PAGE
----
Ottawa

Isolation an unsafe option for women facing domestic abuse

As more and more Canadians heed the warnings of health officials to hunker down at home during the COVID-19 pandemic, there's growing concern for women trapped in abusive relationships.

Federal government pledges $50M to help agencies manage crisis

A woman has a quiet moment to herself at Ottawa's Interval House in 2017. (Jessa Runciman/CBC)

As more and more Canadians heed the warnings of health officials to hunker down at home during the COVID-19 pandemic, there's growing concern for women trapped in abusive relationships.

Women experiencing domestic abuse are at even greater risk when they're isolated from the community, including counselling services, according to Lise Martin, executive director of Women's Shelters Canada.

It makes sense to ask Canadians to self-isolate to stay home in order to prevent the spread of COVID-19, but not every home is safe.- Maryam Monsef, minister of Women and Gender Equality

"If the abusive partner is also now at home 24/7, it really limits her possibilities of reaching out," Martin said.

To help those women during the pandemic, Martin said women's shelters across the country need food, cleaning supplies and protective gloves and masks.

Feds pledge cash

The federal government is pledging up to $50-million to help agencies that help women fleeing abuse cope during the pandemic.

"We are waiting to hear when and [exactly] how much will flow," Keri Lewis, executive director of Interval House in Ottawa, wrote in an email to CBC. "I am relieved to know that there is some help on the way. Our costs are mounting and I suspect that social distancing measures will be in place beyond the end of March."

Like many women's shelters, Interval House has been over-extended for years, and the recent COVID-19 outbreak is adding further stress.

Ally Crockford, executive director of the Ottawa Rape Crisis Centre, says it's 'heartbreaking' that it takes an emergency like the COVID-19 pandemic to get more money. (Darren Major/CBC)

A recent CBC investigation found an ongoing shortage of available shelter beds is leading to thousands of women and children being turned away every month.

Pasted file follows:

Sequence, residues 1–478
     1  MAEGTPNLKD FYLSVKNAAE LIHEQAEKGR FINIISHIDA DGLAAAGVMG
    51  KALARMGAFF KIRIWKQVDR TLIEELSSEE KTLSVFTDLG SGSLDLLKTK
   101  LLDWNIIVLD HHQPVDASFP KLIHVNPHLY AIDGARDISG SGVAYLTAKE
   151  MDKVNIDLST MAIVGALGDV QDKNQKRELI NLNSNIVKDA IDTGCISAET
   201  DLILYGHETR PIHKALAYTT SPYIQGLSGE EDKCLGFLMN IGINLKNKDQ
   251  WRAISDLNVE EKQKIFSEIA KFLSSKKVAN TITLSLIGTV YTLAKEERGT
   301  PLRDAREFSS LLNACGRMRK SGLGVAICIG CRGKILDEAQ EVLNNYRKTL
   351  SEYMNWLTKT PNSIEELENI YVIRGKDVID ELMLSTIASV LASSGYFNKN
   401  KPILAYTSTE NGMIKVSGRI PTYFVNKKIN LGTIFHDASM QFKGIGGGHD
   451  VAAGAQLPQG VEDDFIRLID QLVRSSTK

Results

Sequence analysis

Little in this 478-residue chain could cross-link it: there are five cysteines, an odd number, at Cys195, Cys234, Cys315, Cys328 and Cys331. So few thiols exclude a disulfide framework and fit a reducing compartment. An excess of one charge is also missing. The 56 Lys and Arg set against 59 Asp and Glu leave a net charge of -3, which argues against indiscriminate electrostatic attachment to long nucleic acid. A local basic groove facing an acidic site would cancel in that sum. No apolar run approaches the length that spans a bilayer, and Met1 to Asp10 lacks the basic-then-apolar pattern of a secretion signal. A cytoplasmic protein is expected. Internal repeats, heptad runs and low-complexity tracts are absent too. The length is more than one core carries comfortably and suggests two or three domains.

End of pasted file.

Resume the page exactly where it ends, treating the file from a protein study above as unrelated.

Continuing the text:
Women and Gender Equality Minister Maryam Monsef said her team spent two days reaching out to centres across the country to find out what they need.

"It makes sense to ask Canadians to self-isolate to stay home in order to prevent the spread of COVID-19, but not every home is safe," Monsef said in a phone interview with CBC.

"At this point we are working with partners across the country to figure out what the best and most efficient way to flow the funds to the front line organizations is, and additional details on that are coming in the days ahead."

Lise Martin, executive director of Women's Shelters Canada, says agencies across Canada need food, cleaning supplies, gloves and masks to deal with the pandemic. (Mathieu Theriault/CBC)

While $50 million seems like a lot of money, it will be spread out among hundreds of centres across the country, and will likely only be temporary, said Ally Crockford, executive director of Ottawa's Rape Crisis Centre. 

"We've been saying for three years now that our new normal is crisis mode," Crockford said.

"That's a heartbreaking feeling to realize that it takes an emergency to get these kind of resources, and that they're probably going to be only temporary."

Ally Crockford, executive director of the Ottawa Rape Crisis Centre, explains why maintaining counselling and support services is especially critical now that residents are staying home as much as possible. 0:43

Ottawa police are asking the public to remain on alert for potential cases of domestic abuse, especially now that victims are less likely to seek medical attention and may slip through the cracks. 

"A significant portion of our cases, which would normally come from health-care professionals, are going unreported," OPS said in a written statement.

"We urge everyone to pay special attention to the well-being of children and report any suspicious incident to the CAS [Children's Aid Society] or Ottawa Police at 613-236-1222."

If you need help and are in immediate danger, call 911. To find assistance in your area click here.

About the Author

Julie Ireton

Senior Reporter

Julie Ireton is a senior reporter who works on investigations and enterprise news features at CBC Ottawa. She's also the host of the new CBC investigative podcast, The Band Played On. You can reach her at julie.ireton@cbc.ca

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